Telling voices Friday Review

Light for the brain

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American neuroscientist Ed Boyden’s ideas have revolutionised the way brain science thinks and hold much hope for the cure of several diseases, notes Sudhamahi Regunathan

Ed Boyden has been recognised as one who has changed the way brain science thinks. The ideas have not really been completely translated into medical practice but hold out much hope.

It is definitely not reassuring when Boyden begins by saying, “…a significant fraction of us in this room, if we live long enough, will encounter, perhaps, a brain disorder.” Not just that. Boyden adds, “Already, a billion people have had some kind of brain disorder that incapacitates them, and the numbers don’t do justice to it though. These disorders —schizophrenia, Alzheimer’s, depression, addiction — they not only steal our time to live, they change who we are. They take our identity and change our emotions and change who we are as people.”

Indeed. They change who we are. But who are we? We are defined primarily by the brain about which Boyden says, “…the brain…an incredibly complicated circuit made out of hundreds of billions of cells called neurons…They come in different shapes; they’re made out of different molecules. And they project and connect to different brain regions, and they also change different ways in different disease states.”

Boyden, a synthetic neuroscientist, says we could use light and not drugs to modify/correct/explore the workings of the brain and keep ourselves as we know ourselves.

Says Boyden, “I had trained as an electrical engineer and a physicist, and the first thing I thought about was, if these neurons are electrical devices, all we need to do is to find some way of driving those electrical changes at a distance. If we could turn on the electricity in one cell, but not its neighbours, that would give us the tool we need to activate and shut down these different cells, figure out what they do and how they contribute to the networks in which they're embedded. And also it would allow us to have the ultra-precise control we need in order to fix the circuit computations that have gone awry. Now how are we going to do that?”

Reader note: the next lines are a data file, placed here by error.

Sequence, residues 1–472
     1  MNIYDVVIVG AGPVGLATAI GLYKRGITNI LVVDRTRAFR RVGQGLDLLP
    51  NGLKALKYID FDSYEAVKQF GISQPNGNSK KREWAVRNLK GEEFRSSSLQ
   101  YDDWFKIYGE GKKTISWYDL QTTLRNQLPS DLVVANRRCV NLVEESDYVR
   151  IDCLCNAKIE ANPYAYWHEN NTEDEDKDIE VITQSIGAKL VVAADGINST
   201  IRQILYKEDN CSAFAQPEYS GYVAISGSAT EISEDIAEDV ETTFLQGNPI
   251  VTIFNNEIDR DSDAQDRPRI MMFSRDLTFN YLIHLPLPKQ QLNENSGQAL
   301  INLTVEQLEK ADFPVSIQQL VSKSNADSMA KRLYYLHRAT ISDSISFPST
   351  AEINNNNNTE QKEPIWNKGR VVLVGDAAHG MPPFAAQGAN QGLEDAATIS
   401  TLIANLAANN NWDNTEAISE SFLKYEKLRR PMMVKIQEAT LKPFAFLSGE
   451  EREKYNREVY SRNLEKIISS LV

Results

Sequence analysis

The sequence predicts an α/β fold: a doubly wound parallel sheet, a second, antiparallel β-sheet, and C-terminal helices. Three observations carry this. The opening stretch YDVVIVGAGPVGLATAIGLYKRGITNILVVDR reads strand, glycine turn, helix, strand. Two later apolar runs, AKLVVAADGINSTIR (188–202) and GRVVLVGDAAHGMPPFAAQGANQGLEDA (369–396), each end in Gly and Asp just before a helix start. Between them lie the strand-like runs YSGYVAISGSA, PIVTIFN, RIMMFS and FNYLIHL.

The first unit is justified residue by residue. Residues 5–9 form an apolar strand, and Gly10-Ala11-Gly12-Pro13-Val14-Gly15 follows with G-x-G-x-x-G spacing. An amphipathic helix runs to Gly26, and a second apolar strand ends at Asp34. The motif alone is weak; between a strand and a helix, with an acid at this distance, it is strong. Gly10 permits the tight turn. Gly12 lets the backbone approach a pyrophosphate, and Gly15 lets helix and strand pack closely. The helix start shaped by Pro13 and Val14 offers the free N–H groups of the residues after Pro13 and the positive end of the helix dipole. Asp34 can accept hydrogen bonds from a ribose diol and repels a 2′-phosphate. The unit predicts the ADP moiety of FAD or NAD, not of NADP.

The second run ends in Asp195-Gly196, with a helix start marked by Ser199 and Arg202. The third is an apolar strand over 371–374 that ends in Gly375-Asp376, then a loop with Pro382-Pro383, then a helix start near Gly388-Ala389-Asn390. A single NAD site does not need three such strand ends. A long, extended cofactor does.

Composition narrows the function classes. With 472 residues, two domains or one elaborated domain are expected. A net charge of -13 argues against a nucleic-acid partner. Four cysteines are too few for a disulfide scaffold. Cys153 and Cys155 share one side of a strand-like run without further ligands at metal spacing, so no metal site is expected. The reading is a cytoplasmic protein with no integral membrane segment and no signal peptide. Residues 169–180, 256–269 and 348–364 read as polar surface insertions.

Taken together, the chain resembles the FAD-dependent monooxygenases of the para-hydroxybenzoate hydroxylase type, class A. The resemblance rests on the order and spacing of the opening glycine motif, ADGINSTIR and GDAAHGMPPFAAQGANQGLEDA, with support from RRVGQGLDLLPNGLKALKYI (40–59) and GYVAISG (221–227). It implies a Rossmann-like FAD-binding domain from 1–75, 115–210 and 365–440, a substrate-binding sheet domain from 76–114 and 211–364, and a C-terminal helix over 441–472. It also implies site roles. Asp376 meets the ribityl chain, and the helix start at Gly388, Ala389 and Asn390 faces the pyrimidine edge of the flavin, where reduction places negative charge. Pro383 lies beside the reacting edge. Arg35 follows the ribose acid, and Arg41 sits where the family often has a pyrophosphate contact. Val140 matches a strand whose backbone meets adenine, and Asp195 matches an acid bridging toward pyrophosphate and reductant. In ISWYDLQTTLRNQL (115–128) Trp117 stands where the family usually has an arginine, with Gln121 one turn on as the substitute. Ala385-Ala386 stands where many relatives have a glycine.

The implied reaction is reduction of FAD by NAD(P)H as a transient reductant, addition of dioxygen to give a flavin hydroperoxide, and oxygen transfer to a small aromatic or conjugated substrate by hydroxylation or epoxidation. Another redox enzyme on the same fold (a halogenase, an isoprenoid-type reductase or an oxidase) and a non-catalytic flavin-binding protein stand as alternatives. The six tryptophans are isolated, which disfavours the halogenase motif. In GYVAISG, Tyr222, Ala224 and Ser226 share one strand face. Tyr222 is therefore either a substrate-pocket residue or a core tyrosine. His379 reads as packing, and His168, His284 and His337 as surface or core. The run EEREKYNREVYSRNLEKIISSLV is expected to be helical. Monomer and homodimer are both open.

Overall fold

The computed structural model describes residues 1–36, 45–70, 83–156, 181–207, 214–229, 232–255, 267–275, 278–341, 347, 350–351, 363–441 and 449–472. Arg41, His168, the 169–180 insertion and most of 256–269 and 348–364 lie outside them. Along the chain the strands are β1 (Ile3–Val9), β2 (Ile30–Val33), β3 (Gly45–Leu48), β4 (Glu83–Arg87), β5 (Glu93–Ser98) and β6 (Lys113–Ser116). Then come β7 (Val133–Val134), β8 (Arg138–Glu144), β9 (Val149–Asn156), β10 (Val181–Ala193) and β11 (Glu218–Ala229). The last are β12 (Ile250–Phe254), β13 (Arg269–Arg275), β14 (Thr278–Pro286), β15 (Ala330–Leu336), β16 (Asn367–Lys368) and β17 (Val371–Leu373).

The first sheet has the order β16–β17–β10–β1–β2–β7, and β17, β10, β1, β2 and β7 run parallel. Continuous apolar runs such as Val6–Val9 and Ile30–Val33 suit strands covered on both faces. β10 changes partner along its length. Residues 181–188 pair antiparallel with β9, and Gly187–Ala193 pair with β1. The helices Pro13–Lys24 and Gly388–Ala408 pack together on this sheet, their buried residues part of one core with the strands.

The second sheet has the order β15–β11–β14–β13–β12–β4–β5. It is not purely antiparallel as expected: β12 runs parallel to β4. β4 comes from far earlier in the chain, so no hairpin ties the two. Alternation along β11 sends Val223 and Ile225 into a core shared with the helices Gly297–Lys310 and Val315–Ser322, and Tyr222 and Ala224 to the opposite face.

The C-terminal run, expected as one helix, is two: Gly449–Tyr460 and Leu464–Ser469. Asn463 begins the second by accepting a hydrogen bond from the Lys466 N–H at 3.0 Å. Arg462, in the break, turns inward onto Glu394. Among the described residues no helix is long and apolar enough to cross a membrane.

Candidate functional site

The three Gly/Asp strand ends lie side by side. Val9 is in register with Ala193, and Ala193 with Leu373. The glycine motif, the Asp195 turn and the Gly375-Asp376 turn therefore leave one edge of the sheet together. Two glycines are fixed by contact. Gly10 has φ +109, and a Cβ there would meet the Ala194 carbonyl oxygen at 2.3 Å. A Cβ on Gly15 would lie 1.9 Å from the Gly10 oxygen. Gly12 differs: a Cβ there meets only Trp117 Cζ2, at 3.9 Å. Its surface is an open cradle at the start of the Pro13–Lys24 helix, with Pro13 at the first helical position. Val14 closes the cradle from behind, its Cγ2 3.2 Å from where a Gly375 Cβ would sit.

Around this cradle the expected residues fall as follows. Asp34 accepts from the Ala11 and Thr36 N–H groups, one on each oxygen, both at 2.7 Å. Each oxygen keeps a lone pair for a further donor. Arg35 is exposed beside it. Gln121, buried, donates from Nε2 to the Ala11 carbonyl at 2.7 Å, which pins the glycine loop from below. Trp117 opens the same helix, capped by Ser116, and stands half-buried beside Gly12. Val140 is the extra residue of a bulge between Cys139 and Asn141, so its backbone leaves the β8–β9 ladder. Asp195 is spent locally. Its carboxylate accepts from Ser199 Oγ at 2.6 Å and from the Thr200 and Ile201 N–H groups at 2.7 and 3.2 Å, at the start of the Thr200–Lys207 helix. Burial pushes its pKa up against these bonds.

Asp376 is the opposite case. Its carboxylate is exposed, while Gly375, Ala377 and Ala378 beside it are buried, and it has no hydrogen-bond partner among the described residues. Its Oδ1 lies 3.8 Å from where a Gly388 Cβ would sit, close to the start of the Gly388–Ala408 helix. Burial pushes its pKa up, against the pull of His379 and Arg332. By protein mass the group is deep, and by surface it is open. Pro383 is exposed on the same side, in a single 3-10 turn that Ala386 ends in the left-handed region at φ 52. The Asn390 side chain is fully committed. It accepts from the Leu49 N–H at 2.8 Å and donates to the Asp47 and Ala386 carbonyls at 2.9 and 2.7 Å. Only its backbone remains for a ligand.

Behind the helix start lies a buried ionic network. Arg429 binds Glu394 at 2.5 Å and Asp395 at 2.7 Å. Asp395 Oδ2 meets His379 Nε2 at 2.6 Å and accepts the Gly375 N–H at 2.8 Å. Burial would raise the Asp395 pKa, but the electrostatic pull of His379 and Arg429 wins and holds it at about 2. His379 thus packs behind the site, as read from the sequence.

Boyden finds there are many molecules that exist in nature, which are able to convert light into electricity. They are like little proteins that are like solar cells.

In 2004 Boyden and his team took a certain alga that swims in the wild, and needs to navigate towards light in order to photosynthesise optimally and found, “…it senses light with a little eye-spot, which works not unlike how our eye works. In its membrane, or its boundary, it contains little proteins that indeed can convert light into electricity. So these molecules are called channelrhodopsins. And each of these proteins acts just like a solar cell...”

When these channelrhodopsins are installed in neurons, Boyden says, “The neuron uses its natural protein-making machinery to fabricate these little light-sensitive proteins and install them all over the cell, like putting solar panels on a roof, and the next thing you know, you have a neuron which can be activated with light. So this is very powerful…If we can install these molecules in neurons somehow, then these neurons would become electrically drivable with light. And their neighbours, which don't have the molecule, would not,” says Boyden claiming that we can get them into the brain just as we lay optical fibres in the ground.

A small but interesting statement he makes is that the brain does not feel pain!

Of course the next question would be how would select just those cells you want to be activated. Boyden says, “…you can tweak the viruses so they hit just some cells and not others. This field has now come to be known as optogenetics. And just as one example of the kind of thing you can do, you can take a complex network, use one of these viruses to deliver the gene just to one kind of cell in this dense network. And then when you shine light on the entire network, just that cell type will be activated.”

Boyden says one can control seizures or epilepsy, Parkinsons, schizophrenia and all such with light instead of drugs. Even blindness.

sudhamahi@gmail.com

Web link:

http://www.ted.com/talks/ed_boyden

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Printable version | Dec 8, 2019 11:47:03 AM | https://www.thehindu.com/features/friday-review/Light-for-the-brain/article14628609.ece

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